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Gurus Are Divided Over Royal Dutch Shell, You Should Not Be

The climate change movement is the greatest long-term threat to the oil & gas industry. Hence, companies responsible for fossil fuel exploration, production and marketing have confronted the trend. However, not all strategies have been the same or meet with the same results. For example, Exxon Mobil (XOM) fiercely countered the movement, while competitors explored other options. Royal Dutch Shell (RDS.A) has taken the alternative road and adopted many projects that highlight the company's compromise with the environment. Specifically, management announced the signature of an agreement with the UK government to move forward with the Peterhead Carbon Capture and Storage project. The approach seems to have paid increasing dividends in the public's eyes, while some doubts have been casted over the strategy's long-term viability. So, is Royal Dutch Shell expected to grow or stumble?

Business Strategy and Overall Performance

In the latest report, Royal Dutch Shell confirmed a business strategy focused on the long-term. That is why the approach to the climate change environmental movement should be interpreted as part of that strategy. The agreement with the UK government aims to capture 10 million tons of carbon-dioxide over 10 years. For the same reason, a review of the last annual report is worthy of analysis to asses future performance.

In addition to a long-term business strategy with an environmental concern, Royal Dutch Shell focused technology and innovation. In this sense, the most important project underway is the floating liquid natural gas facility. The asset is under construction in South Korea's shipyard and will be used to tap resources off Australia's coast. Now, many reserves considered out of reach because of cost or depth will turn profitable.

With regards to human resources, Royal Dutch Shell has made an important investment by hiring around 1,200 graduates throughout 2013. Additionally, the company opened a training center at Sarawak, Malaysia, to equip employees with technical and operational skills to build and manage difficult projects. The center is unique in the region and available to local and foreign employees focused on deep water resources.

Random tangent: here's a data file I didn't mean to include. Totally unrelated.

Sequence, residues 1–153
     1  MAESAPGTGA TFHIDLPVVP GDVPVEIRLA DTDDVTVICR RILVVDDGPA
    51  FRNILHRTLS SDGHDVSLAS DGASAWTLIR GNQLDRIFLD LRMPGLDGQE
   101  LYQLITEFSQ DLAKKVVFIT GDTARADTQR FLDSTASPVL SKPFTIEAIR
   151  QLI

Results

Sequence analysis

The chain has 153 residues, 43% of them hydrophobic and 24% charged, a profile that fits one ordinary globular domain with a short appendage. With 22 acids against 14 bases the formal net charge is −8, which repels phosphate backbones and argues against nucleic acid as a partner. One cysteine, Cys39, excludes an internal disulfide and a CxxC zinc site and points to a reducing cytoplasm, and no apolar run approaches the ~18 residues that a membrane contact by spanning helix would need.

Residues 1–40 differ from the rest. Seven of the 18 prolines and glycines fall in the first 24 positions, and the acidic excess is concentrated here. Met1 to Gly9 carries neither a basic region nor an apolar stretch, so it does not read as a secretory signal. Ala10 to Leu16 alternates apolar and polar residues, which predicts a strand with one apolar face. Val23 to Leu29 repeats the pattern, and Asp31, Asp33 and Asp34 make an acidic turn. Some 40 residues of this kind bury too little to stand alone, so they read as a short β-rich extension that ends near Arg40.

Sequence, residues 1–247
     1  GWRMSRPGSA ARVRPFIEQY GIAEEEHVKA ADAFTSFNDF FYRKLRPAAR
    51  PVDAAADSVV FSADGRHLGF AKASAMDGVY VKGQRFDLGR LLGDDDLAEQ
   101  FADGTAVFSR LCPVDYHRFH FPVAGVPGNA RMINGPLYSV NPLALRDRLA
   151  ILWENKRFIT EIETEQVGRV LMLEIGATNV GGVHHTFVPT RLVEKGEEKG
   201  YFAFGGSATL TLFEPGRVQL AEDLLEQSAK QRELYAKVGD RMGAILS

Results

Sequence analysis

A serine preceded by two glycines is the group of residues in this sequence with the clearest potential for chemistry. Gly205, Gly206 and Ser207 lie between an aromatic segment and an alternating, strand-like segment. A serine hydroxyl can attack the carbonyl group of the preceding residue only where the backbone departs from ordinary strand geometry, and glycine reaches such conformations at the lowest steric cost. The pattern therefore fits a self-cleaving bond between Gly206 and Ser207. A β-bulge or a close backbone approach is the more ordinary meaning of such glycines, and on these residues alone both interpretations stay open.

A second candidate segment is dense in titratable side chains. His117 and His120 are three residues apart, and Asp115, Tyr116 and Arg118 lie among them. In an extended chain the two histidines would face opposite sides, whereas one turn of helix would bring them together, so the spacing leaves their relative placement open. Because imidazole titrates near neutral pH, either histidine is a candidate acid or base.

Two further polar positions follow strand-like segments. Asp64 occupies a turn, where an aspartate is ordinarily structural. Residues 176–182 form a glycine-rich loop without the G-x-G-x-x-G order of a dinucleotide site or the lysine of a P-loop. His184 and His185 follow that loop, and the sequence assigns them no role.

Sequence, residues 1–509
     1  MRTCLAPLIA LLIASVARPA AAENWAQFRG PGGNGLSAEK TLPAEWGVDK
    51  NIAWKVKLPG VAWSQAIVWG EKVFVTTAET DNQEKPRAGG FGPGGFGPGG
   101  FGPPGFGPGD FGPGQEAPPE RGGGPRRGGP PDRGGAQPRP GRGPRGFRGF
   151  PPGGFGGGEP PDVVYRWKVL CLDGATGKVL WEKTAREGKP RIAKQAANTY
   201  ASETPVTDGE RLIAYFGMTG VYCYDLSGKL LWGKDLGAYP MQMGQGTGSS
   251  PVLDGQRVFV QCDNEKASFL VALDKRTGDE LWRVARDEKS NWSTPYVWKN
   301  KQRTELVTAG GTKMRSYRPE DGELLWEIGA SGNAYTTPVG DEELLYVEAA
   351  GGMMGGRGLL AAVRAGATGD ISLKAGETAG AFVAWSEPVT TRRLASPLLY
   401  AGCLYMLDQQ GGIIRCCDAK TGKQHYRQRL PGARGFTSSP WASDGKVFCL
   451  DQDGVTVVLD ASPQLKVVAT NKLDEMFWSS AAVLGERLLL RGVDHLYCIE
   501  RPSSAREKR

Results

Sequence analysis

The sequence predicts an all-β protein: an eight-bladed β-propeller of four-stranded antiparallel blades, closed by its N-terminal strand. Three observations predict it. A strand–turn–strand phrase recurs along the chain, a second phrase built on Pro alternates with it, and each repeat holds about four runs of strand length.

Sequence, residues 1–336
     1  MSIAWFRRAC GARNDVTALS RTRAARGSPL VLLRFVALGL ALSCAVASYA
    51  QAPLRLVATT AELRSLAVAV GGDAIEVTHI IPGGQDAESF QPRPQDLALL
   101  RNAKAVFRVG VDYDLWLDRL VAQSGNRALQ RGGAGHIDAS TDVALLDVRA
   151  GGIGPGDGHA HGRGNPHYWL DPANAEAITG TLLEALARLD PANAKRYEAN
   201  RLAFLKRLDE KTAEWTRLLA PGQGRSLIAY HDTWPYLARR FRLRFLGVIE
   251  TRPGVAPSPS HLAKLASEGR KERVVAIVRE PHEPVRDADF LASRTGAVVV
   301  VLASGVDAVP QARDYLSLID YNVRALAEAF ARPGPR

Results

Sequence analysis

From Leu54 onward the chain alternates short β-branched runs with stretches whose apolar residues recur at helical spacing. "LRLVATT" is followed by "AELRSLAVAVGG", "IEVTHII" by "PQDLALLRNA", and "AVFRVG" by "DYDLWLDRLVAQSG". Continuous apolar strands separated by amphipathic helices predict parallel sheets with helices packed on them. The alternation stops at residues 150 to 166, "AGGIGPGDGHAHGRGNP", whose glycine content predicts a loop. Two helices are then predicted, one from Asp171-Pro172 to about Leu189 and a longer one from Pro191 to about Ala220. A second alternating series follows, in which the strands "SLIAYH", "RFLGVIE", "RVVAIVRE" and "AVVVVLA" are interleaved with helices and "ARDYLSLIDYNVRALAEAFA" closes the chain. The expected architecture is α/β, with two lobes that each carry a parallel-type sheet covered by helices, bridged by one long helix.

The three-legged strategy put forth by Royal Dutch Shell serves long-term objectives, but also represents the company's approach to a challenging economic environment. The world economy has recovered from the 2007/8 crisis, but performance across regions is not equal. For the company, the most challenging region continues to be Europe, and growth remained similar to 2012 levels.

What the Report Ignores

Challenges and difficulties for Royal Dutch Shell go beyond an economy in slow recovery with struggling geographies. At the same time, higher exploration costs have been identified to be compounded by lower oil and gas output. The context is further aggravated by a troubled refining unit performing weakly. These difficulties have shown to be considerable during the fourth quarter of 2013 particularly.

Compared with other integrated players, Royal Dutch Shell is considerably exposed to downstream and gas activities. Additionally, the company is heavily investing on projects with unproven impact, reducing market leverage and credit metrics. One last risk derived from geographical diversity is political instability. However, the company is at a comparable advantage with respect to other integrated players. Most importantly, gas prices are not expected to climb in the near future due to an over supplied market.

Financially, Royal Dutch Shell is strong amid declining revenues and net income during the last three years. Additionally, debt and cash flow are two metrics that deteriorated in the last year. And stock is trading at 13.7 times its trailing earnings, carrying a 30% premium to the industry average. It is interesting to see how gurus are divided among prospects: two gurus increase their holdings, two reduced it, one sold out and another made a new purchase. More relevant it is the trust place by three largest shareholders - Richard Pzena (Trades, Portfolio), Renaissance Technologies, and Steven Cohen (Trades, Portfolio)- increased their holdings throughout 2013. Since the stock is going through the low cycle, taking a position in the company for a long-term is recommendable given the business strategy adopted and opportunities for growth in the gas industry.

Disclosure: Vanina Egea holds no position in any of the mentioned stocks.

This article first appeared on GuruFocus.